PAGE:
Debugging Advice to New Programmers

In this post, I’m going to give you advice that I am nearly sure you will ignore. The reason I know this is because most people I’ve given this advice to, I’m nearly sure, ignored it. I doubly know this because it took me years—nay, maybe over a decade—for me to start listening to this advice. So, believe me, I won’t be offended if you ignore this advice.

But I’m going to give you the advice because it really is good advice and, if you listen to it, even if you don’t want to, it will save you an enormous amount of frustration. Like truckloads. Semi, tractor-trailer loads.

So, here’s the advice: Do not write more than 2 lines of code without testing to see that you get the result that you’re looking for. You test your result by writing the result out to the screen. When you’re more experienced, you can bump that to 5 lines of code, but for now, stick to 2.

That’s it. So, why? Simple: if you write more than 2 lines of code, and you get an error, it will be much harder to figure out why the error happened. When you write only 2 lines of code, you can much more quickly isolate where the error is and fix it.

The difficulty of figuring out what your error is increases exponentially with more lines of code. This is both because we have more places to check and we have more kinds of code that we’ve written, which opens us up to more kinds of errors that can occur, but this is also because when you have multiple lines of code, they can interact with each other in ways you cannot predict and do not expect. Computers are not smart. They are dumb. Dumber than bricks. Dumber than bricks made of sand, because that’s what they are, bricks made of sand. They will take perfectly intelligent code and munge them up in their own crazy way. When you write code, you need to do everything you can prevent the computer from having too much to work with.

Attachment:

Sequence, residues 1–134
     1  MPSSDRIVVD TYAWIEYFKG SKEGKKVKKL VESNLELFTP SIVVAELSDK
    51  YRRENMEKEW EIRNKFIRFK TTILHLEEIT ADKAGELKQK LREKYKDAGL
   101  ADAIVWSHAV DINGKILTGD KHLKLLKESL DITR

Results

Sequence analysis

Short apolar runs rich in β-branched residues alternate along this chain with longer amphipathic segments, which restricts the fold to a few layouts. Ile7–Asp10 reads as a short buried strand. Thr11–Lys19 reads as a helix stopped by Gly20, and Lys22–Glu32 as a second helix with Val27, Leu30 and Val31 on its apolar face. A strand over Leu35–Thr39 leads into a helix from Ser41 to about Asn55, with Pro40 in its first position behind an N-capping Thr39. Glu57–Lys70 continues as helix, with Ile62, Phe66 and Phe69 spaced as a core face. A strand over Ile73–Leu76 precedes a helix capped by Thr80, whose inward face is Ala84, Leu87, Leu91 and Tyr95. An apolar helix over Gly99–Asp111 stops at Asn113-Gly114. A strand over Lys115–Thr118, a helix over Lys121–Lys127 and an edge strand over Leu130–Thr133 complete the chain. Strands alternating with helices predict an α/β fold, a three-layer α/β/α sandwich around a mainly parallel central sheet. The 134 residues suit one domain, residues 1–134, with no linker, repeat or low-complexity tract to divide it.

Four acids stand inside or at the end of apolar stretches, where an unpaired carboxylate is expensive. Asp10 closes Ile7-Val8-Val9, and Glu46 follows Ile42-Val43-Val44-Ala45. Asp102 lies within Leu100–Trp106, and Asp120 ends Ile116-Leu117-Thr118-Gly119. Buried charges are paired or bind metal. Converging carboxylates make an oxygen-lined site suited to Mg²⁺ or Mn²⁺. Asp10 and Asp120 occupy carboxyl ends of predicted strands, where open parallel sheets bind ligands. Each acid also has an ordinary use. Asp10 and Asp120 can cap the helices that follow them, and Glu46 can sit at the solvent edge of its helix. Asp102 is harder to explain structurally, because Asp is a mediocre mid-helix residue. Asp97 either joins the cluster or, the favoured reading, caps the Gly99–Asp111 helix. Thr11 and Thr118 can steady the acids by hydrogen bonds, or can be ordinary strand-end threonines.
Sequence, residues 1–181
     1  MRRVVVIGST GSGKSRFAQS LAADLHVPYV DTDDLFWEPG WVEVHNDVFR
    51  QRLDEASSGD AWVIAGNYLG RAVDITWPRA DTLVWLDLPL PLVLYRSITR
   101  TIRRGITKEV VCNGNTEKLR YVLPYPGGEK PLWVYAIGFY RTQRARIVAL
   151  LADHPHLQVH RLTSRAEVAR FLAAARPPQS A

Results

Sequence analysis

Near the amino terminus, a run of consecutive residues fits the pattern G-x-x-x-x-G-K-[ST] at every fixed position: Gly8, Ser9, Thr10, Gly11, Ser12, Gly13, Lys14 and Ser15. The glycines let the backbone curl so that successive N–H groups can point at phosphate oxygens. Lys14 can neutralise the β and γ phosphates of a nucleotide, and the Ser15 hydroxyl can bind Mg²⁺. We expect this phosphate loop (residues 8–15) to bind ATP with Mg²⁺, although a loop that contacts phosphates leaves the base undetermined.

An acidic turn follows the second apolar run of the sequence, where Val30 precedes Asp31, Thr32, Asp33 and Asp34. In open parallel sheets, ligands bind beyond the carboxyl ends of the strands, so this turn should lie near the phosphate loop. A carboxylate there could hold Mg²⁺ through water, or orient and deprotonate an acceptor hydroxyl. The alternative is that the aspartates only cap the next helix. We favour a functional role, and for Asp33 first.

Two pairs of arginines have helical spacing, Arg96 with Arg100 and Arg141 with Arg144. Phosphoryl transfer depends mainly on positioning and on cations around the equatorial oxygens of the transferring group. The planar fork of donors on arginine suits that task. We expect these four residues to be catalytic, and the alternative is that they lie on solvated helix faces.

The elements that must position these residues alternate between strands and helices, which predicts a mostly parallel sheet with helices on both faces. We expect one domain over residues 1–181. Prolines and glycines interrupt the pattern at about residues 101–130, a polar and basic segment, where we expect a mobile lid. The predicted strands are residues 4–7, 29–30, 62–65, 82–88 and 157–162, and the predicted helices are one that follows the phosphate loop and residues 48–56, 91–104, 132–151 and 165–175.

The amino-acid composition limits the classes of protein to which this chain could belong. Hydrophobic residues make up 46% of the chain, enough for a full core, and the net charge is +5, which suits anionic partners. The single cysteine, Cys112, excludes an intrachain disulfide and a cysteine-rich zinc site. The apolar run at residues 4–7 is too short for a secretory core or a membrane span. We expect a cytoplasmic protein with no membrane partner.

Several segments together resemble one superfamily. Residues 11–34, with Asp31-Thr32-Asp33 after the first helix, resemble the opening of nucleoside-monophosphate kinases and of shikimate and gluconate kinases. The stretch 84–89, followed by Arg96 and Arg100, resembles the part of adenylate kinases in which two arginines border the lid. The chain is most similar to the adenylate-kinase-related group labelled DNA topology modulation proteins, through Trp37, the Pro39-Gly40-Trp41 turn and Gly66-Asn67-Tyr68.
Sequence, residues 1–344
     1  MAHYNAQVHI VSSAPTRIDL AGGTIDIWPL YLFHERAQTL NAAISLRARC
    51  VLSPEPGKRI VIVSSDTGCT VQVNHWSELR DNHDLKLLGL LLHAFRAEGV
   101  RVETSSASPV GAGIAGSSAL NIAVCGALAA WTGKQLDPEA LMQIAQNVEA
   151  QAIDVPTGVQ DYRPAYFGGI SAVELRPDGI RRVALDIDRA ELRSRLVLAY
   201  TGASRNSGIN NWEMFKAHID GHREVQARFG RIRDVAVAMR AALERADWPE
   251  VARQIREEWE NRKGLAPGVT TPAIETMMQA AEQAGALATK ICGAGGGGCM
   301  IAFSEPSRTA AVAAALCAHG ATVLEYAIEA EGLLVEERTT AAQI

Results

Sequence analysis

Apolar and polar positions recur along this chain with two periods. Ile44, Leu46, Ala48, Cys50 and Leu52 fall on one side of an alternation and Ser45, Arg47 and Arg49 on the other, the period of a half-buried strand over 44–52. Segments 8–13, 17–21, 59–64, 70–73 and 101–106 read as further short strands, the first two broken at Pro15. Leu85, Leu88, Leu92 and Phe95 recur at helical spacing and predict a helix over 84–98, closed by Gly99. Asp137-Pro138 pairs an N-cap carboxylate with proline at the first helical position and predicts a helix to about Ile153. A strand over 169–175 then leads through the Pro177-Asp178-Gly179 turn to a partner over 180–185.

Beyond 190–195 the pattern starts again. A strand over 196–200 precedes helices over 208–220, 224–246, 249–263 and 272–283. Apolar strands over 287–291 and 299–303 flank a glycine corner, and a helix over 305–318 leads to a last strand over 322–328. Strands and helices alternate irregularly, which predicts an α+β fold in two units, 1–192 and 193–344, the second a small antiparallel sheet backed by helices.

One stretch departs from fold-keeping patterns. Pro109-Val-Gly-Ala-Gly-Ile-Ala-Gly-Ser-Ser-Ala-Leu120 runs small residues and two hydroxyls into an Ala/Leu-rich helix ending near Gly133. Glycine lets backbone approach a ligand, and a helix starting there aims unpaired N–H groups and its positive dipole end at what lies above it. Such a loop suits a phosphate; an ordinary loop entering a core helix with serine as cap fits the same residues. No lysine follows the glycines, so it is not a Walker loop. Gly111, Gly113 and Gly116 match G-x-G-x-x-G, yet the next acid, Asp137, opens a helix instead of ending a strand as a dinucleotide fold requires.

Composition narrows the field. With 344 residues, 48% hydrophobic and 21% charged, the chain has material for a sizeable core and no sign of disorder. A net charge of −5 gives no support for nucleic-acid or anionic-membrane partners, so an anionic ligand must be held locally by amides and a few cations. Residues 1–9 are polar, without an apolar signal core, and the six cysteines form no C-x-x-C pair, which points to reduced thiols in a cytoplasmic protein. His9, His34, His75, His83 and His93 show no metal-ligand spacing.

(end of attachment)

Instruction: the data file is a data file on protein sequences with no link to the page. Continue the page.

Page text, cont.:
So, what if you don’t follow this advice? You’ve written 100 lines of code and it’s not working. What do you do? Here are some thoughts:

  • Start from the beginning of your program and comment out everything besides the first two lines of code. That includes the lines of code you’ve written after the first two lines. But, you say, why would the lines after affect the first two lines? Who knows? Remember, the computer is not smart! It shouldn’t have any effect, but weird things happen; comment the lines out and you won’t have to worry about it.
  • Did you write out the results you expect? Do so, using a print statement or, if you are using an interactive development environment (IDE), your IDE’s breakpoint setting tool.
  • If even the first two lines of code do not work, and you cannot figure out the error, comment out even those two lines and type in one line you know will work (for instance, a print message). If that doesn’t work, restart your development environment. If it still doesn’t work, restart the computer. If it still doesn’t work, something really weird is going on. It’s time to pay someone money (or at least dinner) to help you.

Again, just write two lines of code at a time! You’ll be more sane and your mother will thank me! 🙂